Academic journal article Perception and Psychophysics

Logical Recoding of S-R Rules Can Reverse the Effects of Spatial S-R Correspondence

Academic journal article Perception and Psychophysics

Logical Recoding of S-R Rules Can Reverse the Effects of Spatial S-R Correspondence

Article excerpt

Two experiments investigated competing explanations for the reversal of spatial stimulus-response (S-R) correspondence effects (i.e., Simon effects) with an incompatible S-R mapping on the relevant, nonspatial dimension. Competing explanations were based on generalized S-R rules (logical-recoding account) or referred to display-control arrangement correspondence or to S-S congruity. In Experiment 1, compatible responses to finger-name stimuli presented at left/right locations produced normal Simon effects, whereas incompatible responses to finger-name stimuli produced an inverted Simon effect. This finding supports the logical-recoding account. In Experiment 2, spatial S-R correspondence and color S-R correspondence were varied independently, and main effects of these variables were observed. The lack of an interaction between these variables, however, disconfirms a prediction of the display-control arrangement correspondence account. Together, the results provide converging evidence for the logical-recoding account. This account claims that participants derive generalized response selection rules (e.g., the identity or reversal rule) from specific S-R rules and inadvertently apply the generalized rules to the irrelevant (spatial) S-R dimension when selecting their response.

The mapping of stimuli onto responses is a major determinant of behavior, a phenomenon called stimulus-response (S-R) compatibility. Research on S-R compatibility has gained important insights into the mechanisms of human response selection (see Proctor & Vu, 2006, for an overview). Much research has focused on the effects of spatial S-R compatibility, investigating how the spatial arrangement of stimuli and responses affects the speed and quality of behavior (e.g., Hommel & Prinz, 1997). The general result of these investigations has been that spatial correspondence of stimulus and response locations produces better performance in terms of speed and accuracy than does spatial noncorrespondence. This general rule holds when stimulus location is relevant for selecting the correct response, a finding called spatial S-R compatibility proper. The rule also holds when stimulus location is irrelevant for selecting the correct response, a finding denoted as the Simon effect. The present study is concerned with a striking exception to this general rule: a reversal of the Simon effect that appears with an incompatible mapping on the relevant S-R dimension.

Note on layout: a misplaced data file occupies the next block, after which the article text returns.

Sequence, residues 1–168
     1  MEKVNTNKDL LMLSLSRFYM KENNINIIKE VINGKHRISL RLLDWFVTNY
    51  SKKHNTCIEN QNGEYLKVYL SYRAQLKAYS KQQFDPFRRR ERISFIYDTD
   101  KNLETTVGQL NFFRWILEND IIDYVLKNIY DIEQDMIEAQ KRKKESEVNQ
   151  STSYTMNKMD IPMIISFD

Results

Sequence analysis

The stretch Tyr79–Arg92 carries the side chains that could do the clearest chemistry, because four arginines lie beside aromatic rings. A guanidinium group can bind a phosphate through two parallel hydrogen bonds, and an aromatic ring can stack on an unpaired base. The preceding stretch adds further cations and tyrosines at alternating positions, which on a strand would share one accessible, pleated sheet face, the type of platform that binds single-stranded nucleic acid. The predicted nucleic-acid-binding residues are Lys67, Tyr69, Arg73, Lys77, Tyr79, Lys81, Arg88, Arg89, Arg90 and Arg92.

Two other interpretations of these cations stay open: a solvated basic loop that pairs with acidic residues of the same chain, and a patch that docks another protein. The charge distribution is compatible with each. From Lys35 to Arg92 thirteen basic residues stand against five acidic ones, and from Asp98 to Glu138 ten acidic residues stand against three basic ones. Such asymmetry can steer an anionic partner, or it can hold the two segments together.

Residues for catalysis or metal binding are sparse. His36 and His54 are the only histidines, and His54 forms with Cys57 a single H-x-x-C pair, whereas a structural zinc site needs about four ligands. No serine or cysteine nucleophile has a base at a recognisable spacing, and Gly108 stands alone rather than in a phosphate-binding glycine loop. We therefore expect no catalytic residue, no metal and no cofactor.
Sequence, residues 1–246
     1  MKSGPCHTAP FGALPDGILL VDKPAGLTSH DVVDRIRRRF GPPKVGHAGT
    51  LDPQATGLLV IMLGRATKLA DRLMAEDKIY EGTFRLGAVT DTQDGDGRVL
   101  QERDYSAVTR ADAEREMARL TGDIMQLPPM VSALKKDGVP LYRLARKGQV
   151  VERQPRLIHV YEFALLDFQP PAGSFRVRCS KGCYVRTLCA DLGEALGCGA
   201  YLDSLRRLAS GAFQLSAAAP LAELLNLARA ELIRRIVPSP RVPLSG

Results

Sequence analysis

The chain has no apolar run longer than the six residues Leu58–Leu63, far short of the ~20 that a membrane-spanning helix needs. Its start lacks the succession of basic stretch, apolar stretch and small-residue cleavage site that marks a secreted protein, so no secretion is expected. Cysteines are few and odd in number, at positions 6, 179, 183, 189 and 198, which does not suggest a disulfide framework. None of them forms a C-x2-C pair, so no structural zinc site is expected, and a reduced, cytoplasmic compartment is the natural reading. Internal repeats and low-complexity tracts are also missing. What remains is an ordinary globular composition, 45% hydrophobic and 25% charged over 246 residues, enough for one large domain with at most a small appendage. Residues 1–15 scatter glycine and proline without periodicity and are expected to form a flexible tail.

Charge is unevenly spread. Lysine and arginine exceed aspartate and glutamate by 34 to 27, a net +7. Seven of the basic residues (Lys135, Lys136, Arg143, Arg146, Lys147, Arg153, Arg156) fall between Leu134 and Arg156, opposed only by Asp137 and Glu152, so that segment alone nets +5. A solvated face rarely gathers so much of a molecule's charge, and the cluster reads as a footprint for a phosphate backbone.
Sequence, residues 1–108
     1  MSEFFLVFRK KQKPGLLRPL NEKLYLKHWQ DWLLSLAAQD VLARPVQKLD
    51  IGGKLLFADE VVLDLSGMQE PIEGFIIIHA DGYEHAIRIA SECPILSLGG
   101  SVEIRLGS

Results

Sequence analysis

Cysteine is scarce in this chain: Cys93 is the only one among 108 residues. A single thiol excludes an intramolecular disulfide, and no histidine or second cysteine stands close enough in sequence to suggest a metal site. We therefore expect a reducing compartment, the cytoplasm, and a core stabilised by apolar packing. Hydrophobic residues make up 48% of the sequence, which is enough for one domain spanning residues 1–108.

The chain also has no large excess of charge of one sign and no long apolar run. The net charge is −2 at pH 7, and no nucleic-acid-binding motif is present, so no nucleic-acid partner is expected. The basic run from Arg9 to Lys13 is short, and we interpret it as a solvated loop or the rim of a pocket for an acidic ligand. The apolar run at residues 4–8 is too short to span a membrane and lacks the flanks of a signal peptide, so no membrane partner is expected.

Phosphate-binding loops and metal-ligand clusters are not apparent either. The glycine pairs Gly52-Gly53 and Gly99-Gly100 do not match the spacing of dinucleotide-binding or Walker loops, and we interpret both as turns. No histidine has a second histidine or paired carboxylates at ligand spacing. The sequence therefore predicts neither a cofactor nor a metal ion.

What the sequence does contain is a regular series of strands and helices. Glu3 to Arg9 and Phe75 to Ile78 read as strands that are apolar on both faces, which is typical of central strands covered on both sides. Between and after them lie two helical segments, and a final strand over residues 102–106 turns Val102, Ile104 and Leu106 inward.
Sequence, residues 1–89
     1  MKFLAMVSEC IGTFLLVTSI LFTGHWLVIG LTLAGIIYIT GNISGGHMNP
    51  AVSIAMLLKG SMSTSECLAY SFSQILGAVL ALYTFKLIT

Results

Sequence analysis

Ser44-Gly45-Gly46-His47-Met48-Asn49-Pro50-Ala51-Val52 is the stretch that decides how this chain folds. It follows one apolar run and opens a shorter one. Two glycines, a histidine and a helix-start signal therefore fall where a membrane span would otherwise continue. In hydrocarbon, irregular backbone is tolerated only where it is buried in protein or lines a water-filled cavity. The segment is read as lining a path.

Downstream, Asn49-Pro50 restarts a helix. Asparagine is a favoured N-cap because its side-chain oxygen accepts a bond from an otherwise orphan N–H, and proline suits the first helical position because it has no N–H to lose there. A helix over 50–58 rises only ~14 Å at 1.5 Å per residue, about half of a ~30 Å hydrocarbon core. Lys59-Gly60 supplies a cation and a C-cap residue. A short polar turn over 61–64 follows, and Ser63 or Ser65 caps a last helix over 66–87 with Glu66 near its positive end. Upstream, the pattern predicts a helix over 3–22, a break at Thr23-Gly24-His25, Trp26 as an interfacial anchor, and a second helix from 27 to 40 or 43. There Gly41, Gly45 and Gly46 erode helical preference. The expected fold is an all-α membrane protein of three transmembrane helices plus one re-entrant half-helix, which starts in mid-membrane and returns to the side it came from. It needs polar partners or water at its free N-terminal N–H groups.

The Simon effect is particularly interesting because it suggests that stimuli activate spatially corresponding responses in an automatic fashion (e.g., Zorzi & Umiltà, 1995). In a typical Simon task, participants press a leftside key to a green stimulus and a right-side key to a red stimulus, and stimuli appear unpredictably at a left or at a right location. The finding of faster and more accurate responses to spatially corresponding conditions (e.g., green S at left location) than to spatially noncorresponding conditions (e.g., green S at right location) has been called the Simon effect, because J. R. Simon was the first to describe the phenomenon (e.g., Simon & Rudell, 1967; see Proctor & Vu, 2006, chap. 4, for a review).

The most prominent accounts of the Simon effect distinguish between two routes of response activation (e.g., Kornblum, Hasbroucq, & Osman, 1990; Zhang, Zhang, & Kornblum, 1999). A controlled route of processing is assumed to determine the correct response on the basis of the relevant stimulus attribute (e.g., color, in the example above) and the S-R mapping rule. An automatic route of processing is assumed to simultaneously activate the spatially corresponding response in the response set on the basis of stimulus location. Both routes converge on the correct response in spatially corresponding conditions, and this response is quickly selected and executed. By contrast, the routes activate different responses in spatially noncorresponding conditions, and the resulting response conflict produces a cost in time and/or accuracy. …

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